being damaged itself. The content cannot make lutein; it must be obtained
through the diet. The foods richest in lutein and zeaxanthin are dark
green leafy vegetables and fruit, especially broccoli, kale, spinach,
kiwi fruit and peaches. However, because lutein and zeaxanthin are yellow,
their colour may be masked by the green of chlorophyll in many of the
darker green leafy vegetables. Corn and egg yolks are also a source of
lutein. The average European consumption of lutein is approximately 2mg
a day. Marigold flowers may be used to produce lutein commercially.

Vitamin A is essential for vision; it is a vital
component of visual purple, which is needed for vision in dim light. It
is also a very potent antioxidant and is involved in the repair of cells
that have suffered oxidative damage.

Bilberry (Vaccinium myrtillus) extracts
appear to be of benefit to the eyes. Bilberry has antioxidant properties,
and may therefore help to reduce oxidative stress on the collagen structure
in the eye and in the walls of capillaries that transport nutrient-rich
blood in the eyes. Anthocyanosides in bilberry have an affinity for the
visual purple area of the retina responsible for vision and controlling
the adaptation from dark to light and vice versa (4).

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Lifestyle tips
to help maintain healthy eyes

  • Wear sunglasses when exposed to sunlight
  • Wear hats with a good brim to shade eyes from direct or reflected
  • Eat a diet rich in dark green leafy vegetables and flavonoid-rich
    fruit such as bilberries, blackberries and cherries rich in carotenoids
    and antioxidant vitamins
  • If you are concerned about your diet, consider taking a supplement
    specially formulated for eye health, a balanced antioxidant or a multinutrient
  • Stop smoking
  • Limit your dietary intake of saturated and processed fats and cholesterol
  • Try to keep your blood pressure down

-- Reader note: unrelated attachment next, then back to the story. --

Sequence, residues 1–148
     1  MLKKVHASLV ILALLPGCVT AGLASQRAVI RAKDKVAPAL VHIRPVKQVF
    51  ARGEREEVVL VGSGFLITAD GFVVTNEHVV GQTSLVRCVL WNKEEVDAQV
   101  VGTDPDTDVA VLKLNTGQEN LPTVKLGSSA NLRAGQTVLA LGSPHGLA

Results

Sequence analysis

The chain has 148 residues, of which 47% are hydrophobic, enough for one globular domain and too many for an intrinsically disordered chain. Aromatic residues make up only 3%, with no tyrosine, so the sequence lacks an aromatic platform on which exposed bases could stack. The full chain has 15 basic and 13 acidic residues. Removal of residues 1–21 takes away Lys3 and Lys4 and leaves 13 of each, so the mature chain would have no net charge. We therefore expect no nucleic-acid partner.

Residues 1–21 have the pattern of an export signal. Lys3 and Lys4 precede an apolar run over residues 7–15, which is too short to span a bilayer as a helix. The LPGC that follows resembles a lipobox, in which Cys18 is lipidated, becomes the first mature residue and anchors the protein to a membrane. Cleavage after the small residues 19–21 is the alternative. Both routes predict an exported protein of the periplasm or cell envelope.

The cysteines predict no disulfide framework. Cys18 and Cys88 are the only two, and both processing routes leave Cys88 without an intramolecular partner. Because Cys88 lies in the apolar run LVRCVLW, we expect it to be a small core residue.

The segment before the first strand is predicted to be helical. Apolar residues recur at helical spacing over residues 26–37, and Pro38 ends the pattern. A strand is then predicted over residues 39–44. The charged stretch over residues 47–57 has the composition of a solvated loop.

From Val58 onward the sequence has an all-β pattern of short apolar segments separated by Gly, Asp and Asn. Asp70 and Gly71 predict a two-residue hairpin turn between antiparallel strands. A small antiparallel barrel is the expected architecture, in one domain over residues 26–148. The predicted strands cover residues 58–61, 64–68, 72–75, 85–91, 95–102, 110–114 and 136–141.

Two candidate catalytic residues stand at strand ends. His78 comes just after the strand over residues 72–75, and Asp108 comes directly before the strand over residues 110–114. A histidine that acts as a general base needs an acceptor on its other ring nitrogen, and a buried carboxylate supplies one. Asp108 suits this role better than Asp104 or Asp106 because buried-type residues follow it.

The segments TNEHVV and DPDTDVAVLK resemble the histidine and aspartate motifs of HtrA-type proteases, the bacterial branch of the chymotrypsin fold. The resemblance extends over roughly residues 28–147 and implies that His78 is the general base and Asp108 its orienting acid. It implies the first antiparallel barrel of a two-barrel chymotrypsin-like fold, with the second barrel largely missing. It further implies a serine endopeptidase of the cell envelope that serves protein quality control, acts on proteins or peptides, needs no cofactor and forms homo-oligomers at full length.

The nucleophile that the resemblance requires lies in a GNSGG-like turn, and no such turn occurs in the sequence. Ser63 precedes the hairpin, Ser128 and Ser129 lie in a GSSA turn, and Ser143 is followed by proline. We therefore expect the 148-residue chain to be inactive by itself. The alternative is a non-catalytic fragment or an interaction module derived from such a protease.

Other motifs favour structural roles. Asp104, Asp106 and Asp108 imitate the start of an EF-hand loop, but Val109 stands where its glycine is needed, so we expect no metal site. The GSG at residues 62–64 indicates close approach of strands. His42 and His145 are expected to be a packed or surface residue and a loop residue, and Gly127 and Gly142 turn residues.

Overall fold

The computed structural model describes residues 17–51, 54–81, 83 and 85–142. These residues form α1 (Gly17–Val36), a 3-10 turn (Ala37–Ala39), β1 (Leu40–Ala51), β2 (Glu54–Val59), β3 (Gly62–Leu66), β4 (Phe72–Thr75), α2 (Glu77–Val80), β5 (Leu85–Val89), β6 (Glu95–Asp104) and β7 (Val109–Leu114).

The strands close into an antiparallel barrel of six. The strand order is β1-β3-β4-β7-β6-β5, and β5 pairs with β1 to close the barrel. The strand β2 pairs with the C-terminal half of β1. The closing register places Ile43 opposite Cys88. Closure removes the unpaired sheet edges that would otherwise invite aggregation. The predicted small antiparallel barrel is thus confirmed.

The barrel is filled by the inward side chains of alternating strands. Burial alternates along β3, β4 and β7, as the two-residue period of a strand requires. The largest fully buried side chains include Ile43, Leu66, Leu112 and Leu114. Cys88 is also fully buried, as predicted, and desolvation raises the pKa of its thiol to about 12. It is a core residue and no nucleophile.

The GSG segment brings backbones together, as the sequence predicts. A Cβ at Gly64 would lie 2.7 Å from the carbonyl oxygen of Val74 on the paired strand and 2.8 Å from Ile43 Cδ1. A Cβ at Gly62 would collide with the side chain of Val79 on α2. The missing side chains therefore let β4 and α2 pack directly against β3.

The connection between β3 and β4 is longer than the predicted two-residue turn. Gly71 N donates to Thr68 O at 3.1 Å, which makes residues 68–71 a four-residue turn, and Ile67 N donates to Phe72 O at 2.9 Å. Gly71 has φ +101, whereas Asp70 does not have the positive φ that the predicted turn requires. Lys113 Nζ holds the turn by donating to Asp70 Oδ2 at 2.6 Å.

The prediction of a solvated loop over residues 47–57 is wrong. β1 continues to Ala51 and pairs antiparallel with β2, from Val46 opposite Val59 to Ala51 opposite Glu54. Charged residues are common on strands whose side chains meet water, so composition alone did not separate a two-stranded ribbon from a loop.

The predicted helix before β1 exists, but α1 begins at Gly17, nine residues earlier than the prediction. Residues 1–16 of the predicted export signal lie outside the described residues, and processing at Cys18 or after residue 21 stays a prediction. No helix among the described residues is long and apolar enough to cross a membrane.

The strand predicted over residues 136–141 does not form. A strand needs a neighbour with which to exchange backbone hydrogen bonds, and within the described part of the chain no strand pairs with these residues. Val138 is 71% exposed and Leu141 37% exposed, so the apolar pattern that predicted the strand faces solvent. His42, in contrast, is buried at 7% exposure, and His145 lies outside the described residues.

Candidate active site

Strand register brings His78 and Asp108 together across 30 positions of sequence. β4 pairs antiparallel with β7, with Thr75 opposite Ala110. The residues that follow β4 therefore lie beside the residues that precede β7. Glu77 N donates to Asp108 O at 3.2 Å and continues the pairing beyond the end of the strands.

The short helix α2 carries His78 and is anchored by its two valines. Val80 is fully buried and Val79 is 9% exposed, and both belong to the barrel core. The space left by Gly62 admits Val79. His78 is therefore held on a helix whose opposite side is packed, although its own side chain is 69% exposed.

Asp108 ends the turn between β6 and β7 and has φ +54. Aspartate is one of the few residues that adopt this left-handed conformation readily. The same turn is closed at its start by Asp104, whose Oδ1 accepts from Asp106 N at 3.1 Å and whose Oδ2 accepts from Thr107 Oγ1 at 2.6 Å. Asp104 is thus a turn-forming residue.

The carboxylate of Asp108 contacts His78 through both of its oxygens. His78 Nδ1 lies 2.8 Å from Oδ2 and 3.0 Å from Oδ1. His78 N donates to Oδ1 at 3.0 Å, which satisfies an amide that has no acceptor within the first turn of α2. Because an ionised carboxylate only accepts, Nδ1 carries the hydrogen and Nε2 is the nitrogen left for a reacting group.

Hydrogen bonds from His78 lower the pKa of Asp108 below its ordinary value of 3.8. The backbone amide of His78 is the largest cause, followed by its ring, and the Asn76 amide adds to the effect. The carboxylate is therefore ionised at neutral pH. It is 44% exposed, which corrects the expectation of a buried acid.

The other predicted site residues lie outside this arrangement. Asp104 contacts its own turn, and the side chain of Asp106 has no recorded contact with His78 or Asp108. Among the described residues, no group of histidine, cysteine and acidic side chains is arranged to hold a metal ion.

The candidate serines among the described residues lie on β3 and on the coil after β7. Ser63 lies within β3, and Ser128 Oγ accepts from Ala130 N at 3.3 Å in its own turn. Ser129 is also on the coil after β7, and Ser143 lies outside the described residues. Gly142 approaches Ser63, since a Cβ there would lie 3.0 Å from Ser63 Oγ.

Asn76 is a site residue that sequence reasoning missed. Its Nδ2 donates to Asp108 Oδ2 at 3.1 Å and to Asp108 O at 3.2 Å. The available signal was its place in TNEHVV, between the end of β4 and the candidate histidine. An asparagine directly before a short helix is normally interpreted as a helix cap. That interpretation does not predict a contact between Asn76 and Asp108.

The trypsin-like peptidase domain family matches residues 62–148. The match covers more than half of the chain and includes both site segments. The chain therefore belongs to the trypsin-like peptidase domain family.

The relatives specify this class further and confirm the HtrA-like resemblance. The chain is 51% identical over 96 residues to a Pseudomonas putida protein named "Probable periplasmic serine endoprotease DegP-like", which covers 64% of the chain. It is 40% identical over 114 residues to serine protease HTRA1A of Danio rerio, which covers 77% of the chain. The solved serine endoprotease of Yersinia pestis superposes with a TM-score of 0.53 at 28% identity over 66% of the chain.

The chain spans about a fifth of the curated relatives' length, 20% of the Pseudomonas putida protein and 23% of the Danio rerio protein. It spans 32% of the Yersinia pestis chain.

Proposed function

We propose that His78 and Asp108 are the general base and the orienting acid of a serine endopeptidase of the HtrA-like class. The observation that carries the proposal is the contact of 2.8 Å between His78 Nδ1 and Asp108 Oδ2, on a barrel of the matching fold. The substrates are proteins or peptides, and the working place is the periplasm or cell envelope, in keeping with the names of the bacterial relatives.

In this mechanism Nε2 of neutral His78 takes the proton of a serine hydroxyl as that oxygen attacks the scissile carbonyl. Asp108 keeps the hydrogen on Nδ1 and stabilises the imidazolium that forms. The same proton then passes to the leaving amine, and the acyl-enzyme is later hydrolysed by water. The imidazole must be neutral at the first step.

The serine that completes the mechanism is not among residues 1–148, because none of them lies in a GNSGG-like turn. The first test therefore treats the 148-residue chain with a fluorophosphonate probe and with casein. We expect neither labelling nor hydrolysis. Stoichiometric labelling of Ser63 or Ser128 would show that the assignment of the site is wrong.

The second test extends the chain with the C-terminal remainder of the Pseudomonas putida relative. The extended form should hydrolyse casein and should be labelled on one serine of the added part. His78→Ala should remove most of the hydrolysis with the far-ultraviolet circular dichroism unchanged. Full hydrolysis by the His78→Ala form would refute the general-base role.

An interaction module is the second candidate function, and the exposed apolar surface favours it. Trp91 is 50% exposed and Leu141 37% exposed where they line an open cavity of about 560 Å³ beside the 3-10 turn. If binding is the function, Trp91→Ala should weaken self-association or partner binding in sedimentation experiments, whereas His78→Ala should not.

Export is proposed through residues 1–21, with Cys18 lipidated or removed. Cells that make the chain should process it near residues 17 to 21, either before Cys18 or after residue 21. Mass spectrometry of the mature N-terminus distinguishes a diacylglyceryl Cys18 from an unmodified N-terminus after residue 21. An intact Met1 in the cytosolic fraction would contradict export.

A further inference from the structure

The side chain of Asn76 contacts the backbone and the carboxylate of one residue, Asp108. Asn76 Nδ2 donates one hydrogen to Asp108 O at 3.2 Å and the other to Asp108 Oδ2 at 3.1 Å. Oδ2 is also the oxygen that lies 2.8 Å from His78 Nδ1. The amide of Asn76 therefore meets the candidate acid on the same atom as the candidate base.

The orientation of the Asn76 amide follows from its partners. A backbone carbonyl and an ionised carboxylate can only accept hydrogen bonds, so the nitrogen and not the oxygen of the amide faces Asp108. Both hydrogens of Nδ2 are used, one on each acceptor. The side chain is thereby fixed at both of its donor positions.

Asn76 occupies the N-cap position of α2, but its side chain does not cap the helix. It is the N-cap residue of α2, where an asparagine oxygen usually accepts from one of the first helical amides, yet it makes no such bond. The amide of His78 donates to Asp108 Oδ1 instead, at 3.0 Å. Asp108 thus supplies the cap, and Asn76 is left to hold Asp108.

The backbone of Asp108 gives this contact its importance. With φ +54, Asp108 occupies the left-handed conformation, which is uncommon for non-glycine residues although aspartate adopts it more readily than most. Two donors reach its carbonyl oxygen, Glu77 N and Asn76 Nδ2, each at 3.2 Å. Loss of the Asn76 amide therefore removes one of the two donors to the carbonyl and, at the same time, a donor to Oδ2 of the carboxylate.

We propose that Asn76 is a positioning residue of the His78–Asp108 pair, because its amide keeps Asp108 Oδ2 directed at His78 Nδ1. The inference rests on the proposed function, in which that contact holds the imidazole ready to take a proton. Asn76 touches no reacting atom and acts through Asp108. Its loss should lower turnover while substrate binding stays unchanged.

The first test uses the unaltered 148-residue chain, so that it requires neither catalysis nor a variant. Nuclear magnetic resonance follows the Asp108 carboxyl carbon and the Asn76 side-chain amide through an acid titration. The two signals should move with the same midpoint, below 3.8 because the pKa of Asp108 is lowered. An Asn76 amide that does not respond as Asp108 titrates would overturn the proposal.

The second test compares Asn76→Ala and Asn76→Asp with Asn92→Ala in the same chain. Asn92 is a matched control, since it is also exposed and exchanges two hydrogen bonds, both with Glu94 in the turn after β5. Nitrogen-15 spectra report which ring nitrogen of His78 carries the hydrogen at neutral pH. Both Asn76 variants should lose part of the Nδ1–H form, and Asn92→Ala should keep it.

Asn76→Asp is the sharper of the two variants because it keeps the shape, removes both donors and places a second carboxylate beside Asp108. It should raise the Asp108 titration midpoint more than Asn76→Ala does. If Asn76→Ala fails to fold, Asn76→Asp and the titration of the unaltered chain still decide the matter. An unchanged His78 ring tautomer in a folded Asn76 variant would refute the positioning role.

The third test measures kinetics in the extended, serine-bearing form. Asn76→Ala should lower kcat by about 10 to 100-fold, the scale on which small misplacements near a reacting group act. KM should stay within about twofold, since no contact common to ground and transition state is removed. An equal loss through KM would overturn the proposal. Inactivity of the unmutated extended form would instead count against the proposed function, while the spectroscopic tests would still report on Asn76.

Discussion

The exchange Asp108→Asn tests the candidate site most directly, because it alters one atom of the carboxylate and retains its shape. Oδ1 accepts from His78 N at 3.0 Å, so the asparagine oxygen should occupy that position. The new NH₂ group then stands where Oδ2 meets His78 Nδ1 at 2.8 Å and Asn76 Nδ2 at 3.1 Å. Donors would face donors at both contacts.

• Limit your alcohol intake to the recommended allowance a day
  • Visit your optician at least every two years for an eye test

Benefits of an 'eye conscious' diet and lifestyle may
well include reduced risk of cancer, heart disease, obesity, premature
a intake.

Results in a recent study carried out using veterans
with atrophic AMD (5), showed that subjects given lutein showed a 50%
increase in the average macular optical pigment density over 12 months
compared to those in the placebo group.

Research into AMD is ongoing, so it is worth keeping
an eye on what is happening in the studies!

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Risk factors
for AMD

  • Age
  • Poor Diet
  • Smoking
  • Obesity
  • Diabetes
  • Thickened arteries
  • Lack of oestrogen (menopausal women)
  • Family history
  • Physical inactivity
  • High cholesterol
  • High blood pressure
  • Cardiovascular disease
  • Excess alcohol consumption
  • Excessive sun exposure
  • Light coloured irises

Cellular damage caused by reactive oxygen intermediates,
or oxidative stress, has been implicated in many disease processes, especially
age related disorders. Reactive oxygen intermediates include free radicals,
hydrogen peroxide and singlet oxygen. They are often the by-products of
oxygen metabolism.

The retina is particularly susceptible to oxidative
stress because of its high consumption of oxygen, its high proportion
of polyunsaturated fatty acids and its exposure to visible light. The
antioxidant vitamins A, C and E protect cells against oxidative Stress

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  1. "BMA Complete Family Health Encyclopedia", Ed. Dr. T. Smith. 1996.
  2. Surv Ophthalmol, 2000, 45:2: 115-133.
  3. Am J Clin Nutr, 1995, 62: 1448-1416S.
  4. "The Healing Power of Herbs", M Murray ND. Prima, 1995.
  5. Richer, S.P., W Stiles, et al. (2002). "The Lutein Antioxidant
    Supplementation Trial (LAST)." ARVO 2002.